Music review

Barnatan makes auspicious recital debut at Longy

Inon Barnatan is in his first season as the New York Philharmonic’s first artist in association.
Marco Borggreve
Inon Barnatan is in his first season as the New York Philharmonic’s first artist in association.

CAMBRIDGE — The Celebrity Series of Boston’s Debut Series, now in its third season, presents “early-career stage” artists in the more intimate confines of Longy’s Pickman Hall. By those standards, Inon Barnatan’s appearance on Wednesday — his Boston recital debut — seemed overdue. The Tel Aviv-born pianist has already played several New York venues, and is in his first season as the New York Philharmonic’s first artist in association.

The technical facility and imaginative sensibility for which Barnatan has been widely heralded were apparent throughout the captivating recital. Bach’s Toccata in E minor sounded both improvisatory and cogent, like a line of argument you didn’t come up with but wished you had. Each episode in this highly sectionalized work seemed to have a distinct temperament — now dancelike, now lyrical. The concluding fugue was a high-wire act of tremendous agility.

The recital’s first half explored Bach’s influence down the centuries. Franck’s “Prelude, Chorale, and Fugue,” which married Bach’s forms to the syntax of French Romanticism, showed the astonishing variety of tonal shadings Barnatan can elicit. Each segment of the piece had its own sound color: pastels in the easy rippling introduction, dark ochers in the chorale, and at a daringly hushed dynamic. He also brought a great clarity of voicing to the fugue, even at the clangorous ending — a feat in itself.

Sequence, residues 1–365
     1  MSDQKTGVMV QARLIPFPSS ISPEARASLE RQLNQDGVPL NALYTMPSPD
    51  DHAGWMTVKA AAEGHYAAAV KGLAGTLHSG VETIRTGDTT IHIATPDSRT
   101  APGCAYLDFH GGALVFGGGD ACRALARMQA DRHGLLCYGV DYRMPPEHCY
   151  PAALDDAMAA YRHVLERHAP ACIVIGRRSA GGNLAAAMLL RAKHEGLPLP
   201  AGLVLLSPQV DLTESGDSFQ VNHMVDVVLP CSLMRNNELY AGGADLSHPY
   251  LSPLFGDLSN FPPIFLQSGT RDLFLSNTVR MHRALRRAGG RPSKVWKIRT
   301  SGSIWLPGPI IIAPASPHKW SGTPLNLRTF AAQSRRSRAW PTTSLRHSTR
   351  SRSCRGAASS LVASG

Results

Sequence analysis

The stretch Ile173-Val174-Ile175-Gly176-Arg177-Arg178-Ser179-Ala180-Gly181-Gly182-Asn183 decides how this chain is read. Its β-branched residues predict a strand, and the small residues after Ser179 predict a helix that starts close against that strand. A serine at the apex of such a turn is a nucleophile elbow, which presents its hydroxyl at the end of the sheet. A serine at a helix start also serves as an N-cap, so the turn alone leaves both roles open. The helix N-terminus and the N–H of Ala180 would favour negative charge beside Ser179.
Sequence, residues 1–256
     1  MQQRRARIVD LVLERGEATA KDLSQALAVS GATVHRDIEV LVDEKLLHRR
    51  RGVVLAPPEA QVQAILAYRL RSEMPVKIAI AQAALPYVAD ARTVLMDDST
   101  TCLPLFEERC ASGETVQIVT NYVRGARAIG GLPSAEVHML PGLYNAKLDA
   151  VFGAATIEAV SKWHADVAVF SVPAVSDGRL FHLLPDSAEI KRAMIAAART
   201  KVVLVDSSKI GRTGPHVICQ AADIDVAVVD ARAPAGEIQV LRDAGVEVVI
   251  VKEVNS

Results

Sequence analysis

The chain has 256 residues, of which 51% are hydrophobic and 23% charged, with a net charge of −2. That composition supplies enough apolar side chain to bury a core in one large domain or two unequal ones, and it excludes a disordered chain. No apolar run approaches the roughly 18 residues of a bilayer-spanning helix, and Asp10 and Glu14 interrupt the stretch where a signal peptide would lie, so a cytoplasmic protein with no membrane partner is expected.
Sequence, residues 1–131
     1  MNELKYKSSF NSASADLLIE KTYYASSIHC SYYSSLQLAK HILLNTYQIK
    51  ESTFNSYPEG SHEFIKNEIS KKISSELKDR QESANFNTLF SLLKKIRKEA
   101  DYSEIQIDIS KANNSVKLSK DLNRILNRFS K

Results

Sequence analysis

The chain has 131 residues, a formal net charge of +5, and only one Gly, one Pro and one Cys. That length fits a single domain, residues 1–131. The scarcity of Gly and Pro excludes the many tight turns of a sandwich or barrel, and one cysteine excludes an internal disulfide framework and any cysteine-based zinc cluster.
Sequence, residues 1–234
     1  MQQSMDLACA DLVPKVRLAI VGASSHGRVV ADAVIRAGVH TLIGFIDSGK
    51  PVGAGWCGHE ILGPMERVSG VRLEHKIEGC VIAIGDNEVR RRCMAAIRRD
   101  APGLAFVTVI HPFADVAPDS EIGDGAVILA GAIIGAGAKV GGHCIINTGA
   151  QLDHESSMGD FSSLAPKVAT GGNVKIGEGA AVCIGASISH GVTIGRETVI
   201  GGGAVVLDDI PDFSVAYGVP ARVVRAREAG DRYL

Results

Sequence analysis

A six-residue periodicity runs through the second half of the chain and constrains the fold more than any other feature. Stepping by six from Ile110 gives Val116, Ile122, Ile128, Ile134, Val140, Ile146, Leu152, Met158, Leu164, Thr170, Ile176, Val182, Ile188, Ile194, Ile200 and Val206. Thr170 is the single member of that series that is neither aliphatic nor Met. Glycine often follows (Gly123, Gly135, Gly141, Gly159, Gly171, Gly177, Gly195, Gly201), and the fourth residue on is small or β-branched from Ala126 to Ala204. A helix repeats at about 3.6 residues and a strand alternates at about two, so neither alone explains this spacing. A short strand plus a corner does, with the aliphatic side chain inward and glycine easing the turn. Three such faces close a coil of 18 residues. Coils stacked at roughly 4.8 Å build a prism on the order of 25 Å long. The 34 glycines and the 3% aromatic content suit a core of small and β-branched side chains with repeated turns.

The lushness of Franck’s language turned toward the angular in Barber’s Piano Sonata. Barnatan, in his most thrilling performance, plowed relentlessly through its hard edges and percussive melodies. If Bach’s and Franck’s fugues evoked a cathedral organist, Barber’s conjured Art Tatum in a smoky club, leaning into syncopated dissonances and barely keeping the music from going unhinged. It was an amazing display of rhythmic, textural, and dynamic control.

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If Schubert’s Sonata in A major, D. 959, was somewhat disappointing, it was largely by comparison with the standard Barnatan set in the first half. The piano sound was drier, the phrasing clipped, and the musical flow that came so easily in the first half seemed elusive. There were a surprising number of finger slips for a pianist who had charged so fearlessly through the earlier bravura fare. Even so, there was much to admire, especially in the eruptive climax in the slow movement. And the finale, which can seem wayward, was here lucid and coherent — a cabinet of surprises, but perfectly arranged.

The sole encore was Mendelssohn’s Rondo capriccioso (Op. 14). Barnatan’s next visit to Boston will be in May, in the company of cellist Alisa Weilerstein. But when he returns as a soloist, it should be on the larger stage he very much deserves.

David Weininger can be reached at Follow him on Twitter @davidgweininger.